Making Our Mark

Chetna Prasad '15

Chetna Prasad '15

Chetna Prasad '15 studied chemistry and classics at Union College before earning an M.B.A. in healthcare management from Union Graduate College and an M.D. from Albany Medical College. Now a medical resident in anesthesiology at Brigham and Women’s Hospital in Boston, the pandemic has meant she is also working on inpatient COVID teams to care for patients who have tested positive for the virus or are awaiting results. She feels fortunate to be surrounded by an incredibly supportive work family. During her time at Union and in medical school, Chetna was a hospice volunteer at the Joan Nicole Prince (JNP) Home in Scotia. She was also a member of the Honor Council, student representative of her Minerva House, an aerogel lab member and part of AUM (Hindu Student Association). She fell in love with palliative care at JNP and she hopes to incorporate that into her clinical practice as a future anesthesiologist. Outside of work, Chetna enjoys live music, spending time with friends and family, travelling and being active outside – whether it is hiking, biking, skiing or laying on the beach.

What are the most challenging and rewarding aspects of your career or volunteer activities?

Without a doubt, my patients. In medicine you meet people at their most vulnerable and difficult moments. It is a privilege to help and be with others during those times. I have met the most amazing people in my job – patients who have taught me so much about the power of hope, the human spirit, a listening ear, a smile, and humor in the most trying of times. I find it challenging sometimes to balance this human part of medicine with the long hours, high volume, administrative burden and inefficiencies of our healthcare system. There are some days I have left work feeling overwhelmed, wondering where the time went and what I actually did for others. It can be hard on those days to feel like you are making a difference. Then you have those pauses in the business of the day where you have special moments with patients or witness inspiring work of your colleagues, and you remember why you chose this profession.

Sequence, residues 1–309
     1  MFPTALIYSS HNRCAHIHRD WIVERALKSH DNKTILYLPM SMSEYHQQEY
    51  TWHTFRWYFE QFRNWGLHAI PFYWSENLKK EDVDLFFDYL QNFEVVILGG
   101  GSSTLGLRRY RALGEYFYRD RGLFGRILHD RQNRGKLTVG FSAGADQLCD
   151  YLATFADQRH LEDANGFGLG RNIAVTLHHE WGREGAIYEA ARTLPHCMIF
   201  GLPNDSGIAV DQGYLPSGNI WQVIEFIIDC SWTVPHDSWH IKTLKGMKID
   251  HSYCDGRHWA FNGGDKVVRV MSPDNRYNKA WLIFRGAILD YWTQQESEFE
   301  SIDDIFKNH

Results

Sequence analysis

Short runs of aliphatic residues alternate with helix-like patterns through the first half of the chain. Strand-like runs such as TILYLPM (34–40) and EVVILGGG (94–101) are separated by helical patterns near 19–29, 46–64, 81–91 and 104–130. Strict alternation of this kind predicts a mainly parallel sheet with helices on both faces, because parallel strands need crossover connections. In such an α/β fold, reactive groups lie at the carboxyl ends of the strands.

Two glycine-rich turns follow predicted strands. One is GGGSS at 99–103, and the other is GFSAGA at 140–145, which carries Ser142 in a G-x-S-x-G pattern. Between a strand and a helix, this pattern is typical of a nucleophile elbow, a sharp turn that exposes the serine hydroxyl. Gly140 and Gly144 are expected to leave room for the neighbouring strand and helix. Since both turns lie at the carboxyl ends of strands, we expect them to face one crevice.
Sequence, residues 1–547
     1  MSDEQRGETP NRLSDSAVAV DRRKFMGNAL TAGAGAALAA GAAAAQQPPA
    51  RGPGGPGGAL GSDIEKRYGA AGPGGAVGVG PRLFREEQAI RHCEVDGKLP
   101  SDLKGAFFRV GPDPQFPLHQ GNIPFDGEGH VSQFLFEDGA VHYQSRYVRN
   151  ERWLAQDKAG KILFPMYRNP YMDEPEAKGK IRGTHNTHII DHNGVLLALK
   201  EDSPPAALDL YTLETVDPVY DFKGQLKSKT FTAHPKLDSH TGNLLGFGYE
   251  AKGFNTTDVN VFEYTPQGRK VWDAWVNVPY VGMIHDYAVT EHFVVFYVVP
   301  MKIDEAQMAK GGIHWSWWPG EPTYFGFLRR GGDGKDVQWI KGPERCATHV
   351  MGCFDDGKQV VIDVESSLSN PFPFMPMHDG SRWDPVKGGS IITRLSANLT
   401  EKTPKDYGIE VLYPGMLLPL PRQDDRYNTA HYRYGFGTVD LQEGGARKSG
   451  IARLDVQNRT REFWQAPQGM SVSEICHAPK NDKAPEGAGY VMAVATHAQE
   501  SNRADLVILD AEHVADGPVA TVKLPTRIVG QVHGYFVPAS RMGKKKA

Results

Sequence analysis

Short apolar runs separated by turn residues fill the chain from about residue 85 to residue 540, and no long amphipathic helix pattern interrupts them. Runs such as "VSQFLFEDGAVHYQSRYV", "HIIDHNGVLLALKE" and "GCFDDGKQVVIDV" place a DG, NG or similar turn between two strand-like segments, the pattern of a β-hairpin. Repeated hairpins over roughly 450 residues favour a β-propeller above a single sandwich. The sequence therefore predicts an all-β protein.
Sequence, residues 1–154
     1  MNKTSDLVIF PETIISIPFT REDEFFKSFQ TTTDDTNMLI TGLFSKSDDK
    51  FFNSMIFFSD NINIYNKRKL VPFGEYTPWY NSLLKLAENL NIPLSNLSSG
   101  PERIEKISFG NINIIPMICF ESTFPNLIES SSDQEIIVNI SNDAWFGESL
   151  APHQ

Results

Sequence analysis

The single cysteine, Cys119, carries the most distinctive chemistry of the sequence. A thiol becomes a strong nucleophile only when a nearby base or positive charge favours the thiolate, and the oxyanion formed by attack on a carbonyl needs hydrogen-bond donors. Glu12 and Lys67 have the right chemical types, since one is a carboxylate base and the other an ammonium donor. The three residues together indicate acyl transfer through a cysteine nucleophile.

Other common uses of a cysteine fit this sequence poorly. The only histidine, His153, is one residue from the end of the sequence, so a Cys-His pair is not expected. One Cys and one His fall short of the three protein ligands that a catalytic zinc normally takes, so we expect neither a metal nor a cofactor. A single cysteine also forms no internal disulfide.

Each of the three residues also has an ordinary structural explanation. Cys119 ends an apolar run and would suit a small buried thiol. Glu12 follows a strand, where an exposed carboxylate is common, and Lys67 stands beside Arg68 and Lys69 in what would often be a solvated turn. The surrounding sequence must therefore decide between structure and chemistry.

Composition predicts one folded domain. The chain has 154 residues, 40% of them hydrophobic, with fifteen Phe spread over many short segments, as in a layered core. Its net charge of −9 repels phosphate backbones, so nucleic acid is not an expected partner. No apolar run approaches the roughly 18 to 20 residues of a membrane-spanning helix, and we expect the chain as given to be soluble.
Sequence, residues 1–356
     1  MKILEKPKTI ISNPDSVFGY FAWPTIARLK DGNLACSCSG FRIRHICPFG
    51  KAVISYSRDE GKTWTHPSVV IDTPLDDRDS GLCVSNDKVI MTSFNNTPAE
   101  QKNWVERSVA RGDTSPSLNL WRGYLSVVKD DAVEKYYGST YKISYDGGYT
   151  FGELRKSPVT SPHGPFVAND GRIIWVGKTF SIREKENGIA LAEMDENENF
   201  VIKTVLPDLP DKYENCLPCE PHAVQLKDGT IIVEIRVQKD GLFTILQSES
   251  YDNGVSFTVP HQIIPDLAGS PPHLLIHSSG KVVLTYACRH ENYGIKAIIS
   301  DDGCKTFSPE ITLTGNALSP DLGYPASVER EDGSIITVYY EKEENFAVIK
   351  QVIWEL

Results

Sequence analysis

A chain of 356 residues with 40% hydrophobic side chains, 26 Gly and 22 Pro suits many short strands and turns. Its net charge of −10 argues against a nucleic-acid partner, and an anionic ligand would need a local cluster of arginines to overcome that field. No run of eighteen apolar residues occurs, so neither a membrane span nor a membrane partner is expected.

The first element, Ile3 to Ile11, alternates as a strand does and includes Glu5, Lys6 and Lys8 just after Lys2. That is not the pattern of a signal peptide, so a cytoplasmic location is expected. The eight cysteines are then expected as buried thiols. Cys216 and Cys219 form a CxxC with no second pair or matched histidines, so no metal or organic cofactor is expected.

Who inspired/inspires you, both professionally and personally?

My parents are both personal heroes and professional mentors. They are both physicians who emigrated to the U.S. from India and worked extremely hard to obtain U.S. medical residencies and build a better life here for my siblings and I. My dad taught me to believe in myself and my mom taught me how to greet life’s surprises with a smile. They inspire me every day and they are my #1 fans.

What advice would you offer today’s women students, not just at Union, but across the country?

You are the own determinant of your worth. No one else (society, family, friends, work colleagues, relationships, past experiences) should dictate what you are capable of. That is for you to decide and for you to achieve. I’ve found this to be true in many aspects of life and it is self-empowering.

What was your most formative experience at Union?

This is a hard question because I do truly feel Union as a whole was a transformative experience. My lifelong friends inspire me to be the best version of myself every day; my professors challenged me both personally and academically to get outside of my comfort zone; and I developed several leadership skills with my on-campus involvement. A life-changing experience for me was studying abroad in Greece for four months as a classics major. I would not have been able to do this without the Leadership in Medicine program, as it afforded me time to pursue my other passions outside of my intended career. I am incredibly thankful for this.